Circular economy and climate change: what’s the underlying thread?

Recently, we all have witnessed that the concepts of circular economy and climate change have started to make their way in the current talks in combination with each other, in the definition of what would be the preliminary conditions for a successful strategy to move out of the current crisis and avoid the potential threat of its consequences.

Those that at first seem to be two separate and stand-alone aspects of the bigger threat represented by the environmental pressure, are now strongly intertwined and interdependent. But what is the underlying connection between two broad concepts that at first glance, do not seem to hold any straightforward link with each other?

By now, the concept of circular economy is slowly paving its way among people, who are becoming increasingly familiar with the term. Saying that it triggers immediate and direct connections with what it entails, though, is still quite an ambitious statement. Behind this new economic system, lie broad and huge implications that are still in the process of being fully mastered and experienced, and whose outcomes are getting tangible just now.

What legitimates this visceral bond between climate targets and circular practices?

Climate change is the result of an excessive production of greenhouse gas emissions that human-driven activities are causing due to the “take-make-dispose” economic paradigm, which still heavily relies on the extensive use of fossil fuels and short-term exploitation of resources. It is clear that what brought to the establishment of the Paris Agreement, intended to achieve zero emissions by 2050 to keep the earth temperature at 1.5°, makes the climate issue an urgent priority.

According to the related 2019 report of the Ellen MacArthur Foundation, the shift to the use of renewable energy and the focus on the energy efficiency can only address 55% of emissions. The remaining 45% comes from all the products we consume everyday: vehicles, clothes, food, electric devices, and so on. How do we deal with the emissions produced by the production and consumption of all those products?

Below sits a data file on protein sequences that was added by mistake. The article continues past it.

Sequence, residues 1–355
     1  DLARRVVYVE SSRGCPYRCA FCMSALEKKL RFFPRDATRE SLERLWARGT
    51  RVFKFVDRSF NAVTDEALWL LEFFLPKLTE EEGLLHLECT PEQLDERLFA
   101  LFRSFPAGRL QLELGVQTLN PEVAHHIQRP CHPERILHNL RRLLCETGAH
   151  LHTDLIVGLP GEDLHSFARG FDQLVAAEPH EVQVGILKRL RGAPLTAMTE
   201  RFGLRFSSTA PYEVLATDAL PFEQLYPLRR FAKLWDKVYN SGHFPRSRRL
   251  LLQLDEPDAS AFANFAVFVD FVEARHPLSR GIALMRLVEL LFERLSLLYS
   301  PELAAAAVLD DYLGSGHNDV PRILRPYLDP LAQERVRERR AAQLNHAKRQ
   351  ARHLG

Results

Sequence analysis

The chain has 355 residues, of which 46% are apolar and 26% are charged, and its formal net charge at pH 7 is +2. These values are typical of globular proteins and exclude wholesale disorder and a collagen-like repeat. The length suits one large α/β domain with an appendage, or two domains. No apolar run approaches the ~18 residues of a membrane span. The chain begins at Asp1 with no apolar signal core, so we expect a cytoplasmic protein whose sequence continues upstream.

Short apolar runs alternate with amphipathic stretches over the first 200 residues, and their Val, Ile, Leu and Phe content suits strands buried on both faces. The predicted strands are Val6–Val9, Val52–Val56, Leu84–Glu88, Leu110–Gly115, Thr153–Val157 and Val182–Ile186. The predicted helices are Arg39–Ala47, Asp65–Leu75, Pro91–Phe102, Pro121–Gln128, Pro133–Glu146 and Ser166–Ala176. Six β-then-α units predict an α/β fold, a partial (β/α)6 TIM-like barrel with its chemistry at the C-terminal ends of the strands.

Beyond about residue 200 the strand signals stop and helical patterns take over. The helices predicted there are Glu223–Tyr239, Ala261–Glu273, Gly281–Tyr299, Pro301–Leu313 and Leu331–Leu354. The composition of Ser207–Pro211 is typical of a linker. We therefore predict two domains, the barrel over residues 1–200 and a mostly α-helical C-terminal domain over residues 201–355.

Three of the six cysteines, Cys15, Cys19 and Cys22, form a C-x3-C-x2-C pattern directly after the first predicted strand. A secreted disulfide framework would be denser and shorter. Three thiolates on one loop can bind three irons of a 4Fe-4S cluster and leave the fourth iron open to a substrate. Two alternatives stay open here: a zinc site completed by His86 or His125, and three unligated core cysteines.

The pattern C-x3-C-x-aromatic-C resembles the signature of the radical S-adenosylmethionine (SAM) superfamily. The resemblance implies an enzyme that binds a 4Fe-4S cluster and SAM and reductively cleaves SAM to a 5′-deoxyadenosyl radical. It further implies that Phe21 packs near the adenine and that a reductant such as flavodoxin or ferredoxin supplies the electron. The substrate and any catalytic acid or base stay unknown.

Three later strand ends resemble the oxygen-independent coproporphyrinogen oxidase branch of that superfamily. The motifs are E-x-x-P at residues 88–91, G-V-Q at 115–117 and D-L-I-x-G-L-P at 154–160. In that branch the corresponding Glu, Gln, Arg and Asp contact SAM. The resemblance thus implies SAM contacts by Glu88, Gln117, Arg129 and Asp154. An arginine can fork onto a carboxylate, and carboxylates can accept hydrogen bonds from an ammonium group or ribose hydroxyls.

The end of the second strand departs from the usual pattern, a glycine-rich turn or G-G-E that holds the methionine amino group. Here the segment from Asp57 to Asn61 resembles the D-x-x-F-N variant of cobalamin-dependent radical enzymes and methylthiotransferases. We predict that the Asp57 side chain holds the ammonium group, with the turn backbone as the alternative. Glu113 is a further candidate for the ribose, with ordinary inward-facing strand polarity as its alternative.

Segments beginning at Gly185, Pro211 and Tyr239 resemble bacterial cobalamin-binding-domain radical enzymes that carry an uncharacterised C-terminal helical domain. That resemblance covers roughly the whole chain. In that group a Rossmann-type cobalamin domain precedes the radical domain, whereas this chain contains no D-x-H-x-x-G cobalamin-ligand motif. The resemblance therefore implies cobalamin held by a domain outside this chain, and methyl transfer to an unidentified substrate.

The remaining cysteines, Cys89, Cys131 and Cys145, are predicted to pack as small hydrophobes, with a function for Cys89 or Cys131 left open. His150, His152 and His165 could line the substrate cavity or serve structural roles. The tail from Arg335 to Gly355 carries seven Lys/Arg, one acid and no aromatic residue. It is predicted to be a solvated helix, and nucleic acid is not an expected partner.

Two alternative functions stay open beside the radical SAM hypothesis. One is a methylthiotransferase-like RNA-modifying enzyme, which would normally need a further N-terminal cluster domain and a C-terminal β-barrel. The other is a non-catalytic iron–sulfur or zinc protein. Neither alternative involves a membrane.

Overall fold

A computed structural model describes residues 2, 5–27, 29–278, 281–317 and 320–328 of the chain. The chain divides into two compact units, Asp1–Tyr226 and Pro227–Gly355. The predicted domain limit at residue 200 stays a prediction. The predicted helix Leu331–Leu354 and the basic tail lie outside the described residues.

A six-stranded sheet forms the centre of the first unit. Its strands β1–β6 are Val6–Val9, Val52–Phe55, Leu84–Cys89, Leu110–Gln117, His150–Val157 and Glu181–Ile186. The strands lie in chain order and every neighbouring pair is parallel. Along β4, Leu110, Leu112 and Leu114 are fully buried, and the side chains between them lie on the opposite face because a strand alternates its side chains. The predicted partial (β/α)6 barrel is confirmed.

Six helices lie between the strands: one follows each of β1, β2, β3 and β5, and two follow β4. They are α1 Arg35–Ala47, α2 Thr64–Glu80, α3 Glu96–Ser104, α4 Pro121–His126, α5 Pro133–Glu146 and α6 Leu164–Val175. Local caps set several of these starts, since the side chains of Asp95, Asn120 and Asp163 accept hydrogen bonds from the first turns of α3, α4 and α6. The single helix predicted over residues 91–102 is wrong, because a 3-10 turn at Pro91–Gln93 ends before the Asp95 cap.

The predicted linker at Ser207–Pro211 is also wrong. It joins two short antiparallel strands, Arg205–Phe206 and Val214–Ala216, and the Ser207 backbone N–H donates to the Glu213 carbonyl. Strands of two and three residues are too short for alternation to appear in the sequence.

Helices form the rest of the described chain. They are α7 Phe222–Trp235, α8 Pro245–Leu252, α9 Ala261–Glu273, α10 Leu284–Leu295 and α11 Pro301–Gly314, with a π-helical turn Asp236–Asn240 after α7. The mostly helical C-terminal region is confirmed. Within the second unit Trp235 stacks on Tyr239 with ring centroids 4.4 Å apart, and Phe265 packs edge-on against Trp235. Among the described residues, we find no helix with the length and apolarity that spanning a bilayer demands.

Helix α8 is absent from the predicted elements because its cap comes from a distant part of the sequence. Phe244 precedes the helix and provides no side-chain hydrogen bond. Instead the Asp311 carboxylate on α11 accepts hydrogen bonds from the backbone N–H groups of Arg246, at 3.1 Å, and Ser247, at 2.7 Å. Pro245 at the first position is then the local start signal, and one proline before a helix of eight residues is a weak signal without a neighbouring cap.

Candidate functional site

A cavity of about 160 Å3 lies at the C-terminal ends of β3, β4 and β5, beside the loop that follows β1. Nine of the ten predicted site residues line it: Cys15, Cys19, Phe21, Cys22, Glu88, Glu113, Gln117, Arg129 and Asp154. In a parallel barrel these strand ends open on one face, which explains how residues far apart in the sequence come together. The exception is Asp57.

The solution lies in two simple words: circular economy. Taking out virgin materials, introducing recycled ones and designing out waste in the design of new products are the three cornerstones forming the grounds on which the concept itself is based. According to the Report, the application of circular economy strategies in just five key areas (cement, aluminium, steel, plastics, and food) can eliminate almost half of the remaining emissions. Let alone including all possible existing fields.

Besides being an extremely necessary facilitator to complete the quest to meet climate targets, the application of circular economy principles carries with it a series of positive externalities that create the conditions for more livable cities, by improving the quality of resources and preserving biodiversity.

Circular economy needs to be included and prioritised in the countries’ agenda as the essential tool able to provide a systemic change that will finalise the ultimate ambition of reducing emissions and achieving climate neutrality. Of course, each country cannot be left alone. One for all, all for one. In these lines, governments need to provide effective policy frameworks to reach these goals in order to engage every living actor in the formation of an alliance driven by the only ambition of winning the battle. At all levels, international organisations, governments, NGOs and the private sectors should all collaborate to include and apply circular economy as part of a comprehensive management of the climate change challenge, aimed at implementing actions that should lead to zero waste production and energy efficiency resilience. Organizations like GACERE, a global alliance born with the intention of joining the efforts to checkmate climate change, put forward the urge to plan time-marked actions that will be required in the decade that follows, a decisive period for a crucial turn into the history of our humanity.


Ellen MacArthur Foundation, Completing the Picture: How the Circular
Economy Tackles Climate Change
, 2019

Hastreiter N., Scheer A., Bienkowska B., Dietz S., What does the circular economy have to do with meeting climate goals?, LSE Business Review, 2021

Ishii N., The next decade is critical for the climate. Here’s how the circular economy can help, World Economic Forum, 2021

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